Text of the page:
Keyword discovery is an unsupervised technology that can help to process collections of speech and capture repeated patterns. This technology becomes useful and provides solution for unsupervised content analysis tasks, especially when the acoustic and lexical characteristics are not known in advance or there is little or no data to model these characteristics via statistical models. In these situations, keyword discovery can find potentially important words for further analysis using minimal resources. Unfortunately, keyword discovery performance heavily depends on the quality of the features used to characterize the raw signal and the alignment algorithm used to find similar feature subsequences. It is not yet fully understood which features and alignment algorithms work well in different scenarios and for different tasks, and there are very few diagnostic techniques for improving our understanding. In this paper, we present two diagnostic measurements that can be used to directly assess the quality of alignments between sequences of features independently of the intended use of the alignments downstream. We argue that such diagnostic techniques are valuable for intrinsically assessing speech features and alignment algorithms for keyword detection.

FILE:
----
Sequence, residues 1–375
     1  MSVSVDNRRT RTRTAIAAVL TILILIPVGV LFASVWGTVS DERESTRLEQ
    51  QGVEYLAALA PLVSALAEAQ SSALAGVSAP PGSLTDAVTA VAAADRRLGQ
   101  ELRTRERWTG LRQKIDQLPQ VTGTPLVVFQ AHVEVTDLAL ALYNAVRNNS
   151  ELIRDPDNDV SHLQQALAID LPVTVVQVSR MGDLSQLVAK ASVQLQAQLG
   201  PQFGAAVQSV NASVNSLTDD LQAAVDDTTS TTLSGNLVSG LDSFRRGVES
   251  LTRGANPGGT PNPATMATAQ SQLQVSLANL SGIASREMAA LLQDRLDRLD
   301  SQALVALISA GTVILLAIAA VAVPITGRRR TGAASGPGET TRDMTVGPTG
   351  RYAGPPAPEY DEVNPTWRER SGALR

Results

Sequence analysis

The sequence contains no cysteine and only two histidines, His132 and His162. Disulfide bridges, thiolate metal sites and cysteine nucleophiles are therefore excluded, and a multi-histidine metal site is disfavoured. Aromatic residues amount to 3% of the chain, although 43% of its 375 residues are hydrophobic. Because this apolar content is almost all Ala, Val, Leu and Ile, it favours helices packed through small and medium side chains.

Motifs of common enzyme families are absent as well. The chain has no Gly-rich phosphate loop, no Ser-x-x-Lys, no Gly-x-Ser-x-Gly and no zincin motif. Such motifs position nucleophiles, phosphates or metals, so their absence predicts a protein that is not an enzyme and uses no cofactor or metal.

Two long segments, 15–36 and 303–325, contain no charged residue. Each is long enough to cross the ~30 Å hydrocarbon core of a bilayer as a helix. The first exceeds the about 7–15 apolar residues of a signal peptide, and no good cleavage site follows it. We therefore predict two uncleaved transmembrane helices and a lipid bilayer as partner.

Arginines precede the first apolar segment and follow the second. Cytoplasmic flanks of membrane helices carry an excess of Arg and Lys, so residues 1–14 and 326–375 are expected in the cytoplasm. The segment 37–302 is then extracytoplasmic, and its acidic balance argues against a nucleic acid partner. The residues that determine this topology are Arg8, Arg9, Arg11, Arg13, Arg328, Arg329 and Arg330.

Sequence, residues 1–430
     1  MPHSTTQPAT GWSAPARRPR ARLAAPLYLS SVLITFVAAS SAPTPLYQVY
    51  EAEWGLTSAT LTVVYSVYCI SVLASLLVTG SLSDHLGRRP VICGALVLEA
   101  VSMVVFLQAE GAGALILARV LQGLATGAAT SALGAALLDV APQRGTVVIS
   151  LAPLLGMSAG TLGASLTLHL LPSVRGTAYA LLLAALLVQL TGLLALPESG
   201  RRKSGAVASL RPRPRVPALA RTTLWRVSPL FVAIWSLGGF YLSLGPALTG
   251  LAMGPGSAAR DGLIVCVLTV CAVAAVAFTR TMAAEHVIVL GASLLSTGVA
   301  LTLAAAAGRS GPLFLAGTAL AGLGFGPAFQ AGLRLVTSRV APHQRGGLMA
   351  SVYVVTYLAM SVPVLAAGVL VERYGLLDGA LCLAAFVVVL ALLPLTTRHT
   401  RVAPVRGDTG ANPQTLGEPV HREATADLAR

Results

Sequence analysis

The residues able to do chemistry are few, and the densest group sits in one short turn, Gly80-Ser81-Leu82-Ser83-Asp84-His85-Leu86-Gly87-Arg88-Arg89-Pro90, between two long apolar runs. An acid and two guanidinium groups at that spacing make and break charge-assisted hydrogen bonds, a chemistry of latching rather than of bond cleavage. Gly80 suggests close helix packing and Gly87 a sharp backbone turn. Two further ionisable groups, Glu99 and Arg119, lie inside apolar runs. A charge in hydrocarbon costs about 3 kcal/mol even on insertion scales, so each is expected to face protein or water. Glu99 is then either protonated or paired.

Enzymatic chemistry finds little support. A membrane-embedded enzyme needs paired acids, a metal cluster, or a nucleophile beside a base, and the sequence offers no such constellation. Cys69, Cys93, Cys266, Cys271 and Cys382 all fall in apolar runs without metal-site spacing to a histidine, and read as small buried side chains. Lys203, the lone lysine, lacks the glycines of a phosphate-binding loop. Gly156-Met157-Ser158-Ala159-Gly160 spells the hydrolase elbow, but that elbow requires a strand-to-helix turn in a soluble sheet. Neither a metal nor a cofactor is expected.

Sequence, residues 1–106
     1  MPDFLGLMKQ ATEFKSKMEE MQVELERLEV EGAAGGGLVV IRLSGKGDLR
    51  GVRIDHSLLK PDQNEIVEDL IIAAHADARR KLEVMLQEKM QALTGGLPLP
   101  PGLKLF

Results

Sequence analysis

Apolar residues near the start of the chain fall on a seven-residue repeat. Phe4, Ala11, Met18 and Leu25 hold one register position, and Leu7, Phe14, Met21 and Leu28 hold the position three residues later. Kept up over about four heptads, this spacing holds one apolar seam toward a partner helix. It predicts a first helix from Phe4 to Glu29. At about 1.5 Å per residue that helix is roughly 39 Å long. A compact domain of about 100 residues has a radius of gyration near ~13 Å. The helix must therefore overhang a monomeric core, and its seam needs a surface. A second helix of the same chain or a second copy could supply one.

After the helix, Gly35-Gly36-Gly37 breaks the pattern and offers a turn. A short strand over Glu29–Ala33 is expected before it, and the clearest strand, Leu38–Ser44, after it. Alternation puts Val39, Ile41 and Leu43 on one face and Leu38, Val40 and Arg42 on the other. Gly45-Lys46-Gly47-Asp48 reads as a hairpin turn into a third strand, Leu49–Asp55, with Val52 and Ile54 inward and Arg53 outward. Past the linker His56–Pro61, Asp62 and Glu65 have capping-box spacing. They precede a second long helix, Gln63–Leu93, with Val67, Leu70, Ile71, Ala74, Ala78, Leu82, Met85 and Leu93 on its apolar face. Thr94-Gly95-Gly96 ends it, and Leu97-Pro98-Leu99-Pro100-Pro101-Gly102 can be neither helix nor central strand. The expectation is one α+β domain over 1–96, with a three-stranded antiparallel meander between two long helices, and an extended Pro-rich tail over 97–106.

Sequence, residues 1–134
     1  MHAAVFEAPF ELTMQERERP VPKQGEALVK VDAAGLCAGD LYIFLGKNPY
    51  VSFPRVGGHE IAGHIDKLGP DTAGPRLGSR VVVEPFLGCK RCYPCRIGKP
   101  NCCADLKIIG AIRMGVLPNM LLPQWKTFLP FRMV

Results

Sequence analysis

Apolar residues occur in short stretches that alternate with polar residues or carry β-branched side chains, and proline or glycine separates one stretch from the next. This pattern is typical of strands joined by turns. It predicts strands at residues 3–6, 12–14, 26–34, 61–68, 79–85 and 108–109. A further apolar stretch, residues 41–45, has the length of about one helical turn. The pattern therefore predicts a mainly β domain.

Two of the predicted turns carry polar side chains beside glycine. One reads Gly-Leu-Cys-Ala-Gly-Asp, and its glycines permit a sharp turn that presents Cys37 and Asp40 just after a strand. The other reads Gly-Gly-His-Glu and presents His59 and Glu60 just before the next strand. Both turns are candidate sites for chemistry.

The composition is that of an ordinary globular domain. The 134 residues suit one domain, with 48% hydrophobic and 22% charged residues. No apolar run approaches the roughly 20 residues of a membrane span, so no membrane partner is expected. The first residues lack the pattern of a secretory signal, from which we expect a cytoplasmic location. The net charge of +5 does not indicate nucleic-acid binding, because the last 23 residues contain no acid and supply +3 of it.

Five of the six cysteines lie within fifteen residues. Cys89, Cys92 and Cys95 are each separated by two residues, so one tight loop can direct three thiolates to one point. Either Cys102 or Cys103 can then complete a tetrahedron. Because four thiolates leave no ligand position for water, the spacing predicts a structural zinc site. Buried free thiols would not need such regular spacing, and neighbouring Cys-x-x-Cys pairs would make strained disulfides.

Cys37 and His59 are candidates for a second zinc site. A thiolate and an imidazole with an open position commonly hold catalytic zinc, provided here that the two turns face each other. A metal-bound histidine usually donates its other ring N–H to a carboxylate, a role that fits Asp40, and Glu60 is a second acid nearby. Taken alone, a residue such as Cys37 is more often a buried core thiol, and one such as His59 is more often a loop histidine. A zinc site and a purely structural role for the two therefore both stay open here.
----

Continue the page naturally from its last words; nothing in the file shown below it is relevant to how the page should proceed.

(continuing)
Bibliographic reference. Schulam, Peter / Akbacak, Murat (2014): "Diagnostic techniques for spoken keyword discovery", In INTERSPEECH-2014, 1752-1756.